Essays on Theory of Social Learning, NFs Work Performance Case Study

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The paper 'Theory of Social Learning, NF’ s Work Performance " is an outstanding example of a management case study. Theories on team behavior do not look for a trait that is inborn or abilities, instead, they look into what is actually done by the leaders. In case success was defined in terms of actions that are describable then it could have been easier for people to act in a way that is the same. Behavioral theory assumes that leadership ability could be learned, instead of being inherent (Cartwright, 2002).

Therefore this opens doors towards leadership development as opposed to psychometric evaluation that categorizes those with leadership potential from the ones that never had the chance. Thus the theories of behavior put emphasis on the learning of skills and facts which authorities for example managers have made a decision as being important. GS can employ the following theories in taking up the challenges to his new job (French and Schermerhorn, 2008). Theory of social learning According to this theory, change of behavior is determined by behavioral elements, personal, and environmental. Each of the factors influences other factors.

This theory will enable GS to influence the thought of his employees which in turn will impact their individual characteristics to elicit particular responses from the social environment (Derrington and Groom, 2004). In a like manner, the environment of an individual will influence the development of individual traits in addition to the behavior of the person and at the same time, the behavior of an individual might change the environment they are in together with the manner an individual feels or thinks. By this theory, reciprocal interactions amid those factors will be useful for GS in determining the change of behavior. Learning theory This theory will help in modifying simpler behaviors through learning to develop complex behavior that will be significant to GS in carrying out his roles.

It is worthy to note that individuals learn through duplication of behaviors they see in other people (Brabazon, 2016). Conversely, rewards are important to ensure the repetition of behavior that is desired. When each simple behavior is developed via imitation and following reinforcement, the complex behavior is established in the organization.

Establishment of verbal behavior will also assist GS to rule the employee through behavior of rule-governed in creating a team environment. Theory of reasoned action This theory will enable in establishing assumptions that people consider the consequences of a given behavior before doing that specific behavior (French and Schermerhorn, 2008). By this GS could be in a position of arousing the intentions of the individuals through the perception of behavior either as negative or positive alongside the impression of the individual of the way the workplace views that similar behavior.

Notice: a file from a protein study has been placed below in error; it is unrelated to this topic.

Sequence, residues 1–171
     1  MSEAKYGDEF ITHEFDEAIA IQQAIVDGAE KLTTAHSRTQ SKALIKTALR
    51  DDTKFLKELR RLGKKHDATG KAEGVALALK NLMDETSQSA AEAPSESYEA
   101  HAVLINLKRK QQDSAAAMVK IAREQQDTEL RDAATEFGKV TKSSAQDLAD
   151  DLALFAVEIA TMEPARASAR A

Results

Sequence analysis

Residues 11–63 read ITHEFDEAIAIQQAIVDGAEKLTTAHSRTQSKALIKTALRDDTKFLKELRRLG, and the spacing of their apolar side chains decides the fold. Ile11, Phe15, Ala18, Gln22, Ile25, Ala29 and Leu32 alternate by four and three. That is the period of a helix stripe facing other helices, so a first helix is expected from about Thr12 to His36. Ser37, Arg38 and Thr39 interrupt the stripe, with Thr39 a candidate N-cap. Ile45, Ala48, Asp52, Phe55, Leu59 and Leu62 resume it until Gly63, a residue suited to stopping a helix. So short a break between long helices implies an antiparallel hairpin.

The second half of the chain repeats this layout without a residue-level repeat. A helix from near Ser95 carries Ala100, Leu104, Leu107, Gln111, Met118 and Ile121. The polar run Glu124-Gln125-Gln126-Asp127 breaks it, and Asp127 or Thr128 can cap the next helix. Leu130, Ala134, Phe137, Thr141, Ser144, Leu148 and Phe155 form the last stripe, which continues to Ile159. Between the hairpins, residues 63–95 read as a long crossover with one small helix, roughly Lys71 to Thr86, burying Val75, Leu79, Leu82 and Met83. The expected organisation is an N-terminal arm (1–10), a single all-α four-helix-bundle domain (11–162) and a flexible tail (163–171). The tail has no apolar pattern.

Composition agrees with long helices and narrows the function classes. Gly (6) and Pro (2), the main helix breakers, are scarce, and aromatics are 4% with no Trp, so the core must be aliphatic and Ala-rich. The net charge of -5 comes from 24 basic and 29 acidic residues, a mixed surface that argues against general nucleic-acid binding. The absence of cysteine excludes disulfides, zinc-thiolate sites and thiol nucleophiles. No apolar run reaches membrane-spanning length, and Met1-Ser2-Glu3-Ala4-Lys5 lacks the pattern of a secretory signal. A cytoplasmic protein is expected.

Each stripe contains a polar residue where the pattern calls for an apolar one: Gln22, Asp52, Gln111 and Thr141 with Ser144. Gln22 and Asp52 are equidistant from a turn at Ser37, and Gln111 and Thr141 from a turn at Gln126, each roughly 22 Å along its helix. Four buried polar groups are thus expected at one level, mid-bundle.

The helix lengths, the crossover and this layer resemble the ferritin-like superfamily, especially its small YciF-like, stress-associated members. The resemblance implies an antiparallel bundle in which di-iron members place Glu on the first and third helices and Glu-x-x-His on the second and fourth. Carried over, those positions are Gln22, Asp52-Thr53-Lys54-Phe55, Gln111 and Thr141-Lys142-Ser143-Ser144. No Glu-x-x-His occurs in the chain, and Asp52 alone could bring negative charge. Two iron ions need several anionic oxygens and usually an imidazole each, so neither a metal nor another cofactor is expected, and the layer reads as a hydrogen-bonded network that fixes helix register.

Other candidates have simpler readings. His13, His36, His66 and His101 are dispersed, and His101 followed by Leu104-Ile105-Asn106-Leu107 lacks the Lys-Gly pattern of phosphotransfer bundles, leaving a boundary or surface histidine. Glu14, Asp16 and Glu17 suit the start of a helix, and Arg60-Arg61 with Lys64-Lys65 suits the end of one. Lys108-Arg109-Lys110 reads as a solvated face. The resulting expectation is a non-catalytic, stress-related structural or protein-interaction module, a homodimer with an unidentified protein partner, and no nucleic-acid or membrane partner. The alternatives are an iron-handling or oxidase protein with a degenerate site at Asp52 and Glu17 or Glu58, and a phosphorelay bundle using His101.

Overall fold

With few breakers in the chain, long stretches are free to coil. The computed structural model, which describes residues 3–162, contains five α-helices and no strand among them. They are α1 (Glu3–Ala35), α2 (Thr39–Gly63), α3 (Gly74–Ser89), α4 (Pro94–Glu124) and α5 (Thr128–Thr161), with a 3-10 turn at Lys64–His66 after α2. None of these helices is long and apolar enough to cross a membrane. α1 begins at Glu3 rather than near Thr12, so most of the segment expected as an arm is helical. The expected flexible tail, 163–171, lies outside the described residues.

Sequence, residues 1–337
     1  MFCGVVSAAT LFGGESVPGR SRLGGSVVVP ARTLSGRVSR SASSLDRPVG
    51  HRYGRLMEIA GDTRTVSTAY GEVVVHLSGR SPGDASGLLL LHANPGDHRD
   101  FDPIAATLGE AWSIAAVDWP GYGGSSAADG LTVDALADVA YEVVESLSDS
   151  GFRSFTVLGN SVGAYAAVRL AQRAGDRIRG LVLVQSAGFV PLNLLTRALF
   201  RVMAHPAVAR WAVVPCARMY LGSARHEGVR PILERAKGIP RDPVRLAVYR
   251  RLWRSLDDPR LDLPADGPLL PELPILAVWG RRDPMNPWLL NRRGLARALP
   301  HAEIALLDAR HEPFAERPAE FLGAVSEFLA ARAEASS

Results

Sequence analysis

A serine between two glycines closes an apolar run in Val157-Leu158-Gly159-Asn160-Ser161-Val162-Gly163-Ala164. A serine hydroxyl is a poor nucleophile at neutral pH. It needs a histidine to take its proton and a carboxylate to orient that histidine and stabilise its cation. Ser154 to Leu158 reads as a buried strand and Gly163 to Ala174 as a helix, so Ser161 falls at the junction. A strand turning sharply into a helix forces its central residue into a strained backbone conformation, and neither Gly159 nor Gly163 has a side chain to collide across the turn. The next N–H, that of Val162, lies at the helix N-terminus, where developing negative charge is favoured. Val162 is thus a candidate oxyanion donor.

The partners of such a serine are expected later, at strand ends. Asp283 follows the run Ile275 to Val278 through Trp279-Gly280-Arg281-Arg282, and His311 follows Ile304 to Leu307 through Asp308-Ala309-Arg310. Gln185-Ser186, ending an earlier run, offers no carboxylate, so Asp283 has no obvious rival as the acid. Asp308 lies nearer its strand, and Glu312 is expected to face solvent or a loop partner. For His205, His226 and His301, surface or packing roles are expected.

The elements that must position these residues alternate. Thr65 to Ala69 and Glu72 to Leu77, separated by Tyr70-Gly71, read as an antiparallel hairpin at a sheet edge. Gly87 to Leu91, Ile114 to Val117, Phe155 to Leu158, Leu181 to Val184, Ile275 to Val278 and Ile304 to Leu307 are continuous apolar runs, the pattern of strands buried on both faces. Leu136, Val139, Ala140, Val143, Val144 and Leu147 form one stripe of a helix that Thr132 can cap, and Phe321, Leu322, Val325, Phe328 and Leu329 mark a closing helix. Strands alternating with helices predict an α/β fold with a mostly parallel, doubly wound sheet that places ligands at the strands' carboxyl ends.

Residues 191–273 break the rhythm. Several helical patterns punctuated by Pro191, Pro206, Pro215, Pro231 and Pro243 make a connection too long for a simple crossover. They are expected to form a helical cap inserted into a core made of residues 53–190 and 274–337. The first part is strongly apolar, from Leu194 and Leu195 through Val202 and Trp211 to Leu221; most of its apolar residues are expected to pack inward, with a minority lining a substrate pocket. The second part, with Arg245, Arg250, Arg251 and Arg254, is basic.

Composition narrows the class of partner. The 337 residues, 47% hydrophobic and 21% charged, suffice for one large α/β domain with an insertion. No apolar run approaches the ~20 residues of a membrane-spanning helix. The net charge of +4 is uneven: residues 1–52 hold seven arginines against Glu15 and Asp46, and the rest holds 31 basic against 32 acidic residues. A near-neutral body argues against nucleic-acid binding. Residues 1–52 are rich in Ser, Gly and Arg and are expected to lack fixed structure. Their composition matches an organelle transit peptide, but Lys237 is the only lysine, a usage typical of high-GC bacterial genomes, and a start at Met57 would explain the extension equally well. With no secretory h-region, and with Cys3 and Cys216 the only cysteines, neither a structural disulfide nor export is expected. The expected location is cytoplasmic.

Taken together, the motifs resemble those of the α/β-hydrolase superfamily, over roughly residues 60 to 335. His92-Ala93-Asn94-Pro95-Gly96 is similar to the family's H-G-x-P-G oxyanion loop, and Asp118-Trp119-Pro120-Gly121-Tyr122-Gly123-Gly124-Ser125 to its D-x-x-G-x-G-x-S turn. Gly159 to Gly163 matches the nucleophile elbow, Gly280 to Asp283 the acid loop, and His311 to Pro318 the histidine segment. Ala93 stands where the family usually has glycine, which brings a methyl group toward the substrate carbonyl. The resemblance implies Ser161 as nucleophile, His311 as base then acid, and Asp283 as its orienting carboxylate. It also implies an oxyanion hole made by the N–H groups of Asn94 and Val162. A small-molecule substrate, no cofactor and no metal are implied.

In other words through the use of this theory intention could be shaped through social pressure and personal attitude and thus change of behavior (Wilson, 2003). Planed behavior theory This theory is useful to GS in developing his agendas as it will assist him to emphasize intention in the individuals who are not in control of any of the factors influencing the exact performance of behavior.

References

Armstrong, M. and Armstrong, M. (2009). Armstrong's handbook of human resource management practice. London: Kogan Page.

Barrows, E. and Neely, A. (2012). Managing performance in turbulent times. Hoboken, N.J.: Wiley.

Brabazon, T. (2016). Play. Springer International Publishing.

Cartwright, R. (2002). Mastering team leadership. New York: Palgrave Macmillan.

Derrington, C. and Groom, B. (2004). A team approach to behaviour management. London: Paul Chapman Pub.

Erez, M., Kleinbeck, U. and Thierry, H. (2001). Work motivation in the context of a globalizing economy. Mahwah, NJ: L. Erlbaum Associates.

French, R. and Schermerhorn, J. (2008). Organizational behaviour. Hoboken, NJ: John Wiley & Sons.

Mathis, R. and Jackson, J. (2003). Human resource management. Mason, Ohio: Thomson/South-western.

Mondy, R., Noe, R. and Gowan, M. (2005). Human resource management. Upper Saddle River, N.J.: Pearson Prentice Hall.

Thorpe, R. and Homan, G. (2000). Strategic reward systems. Harlow, England: Financial Times/Prentice Hall.

Tracy, B. (2013). Motivation. New York: AMACOM, American Management Association.

Wilson, T. (2003). Innovative reward systems for the changing workplace. New York: McGraw-Hill.

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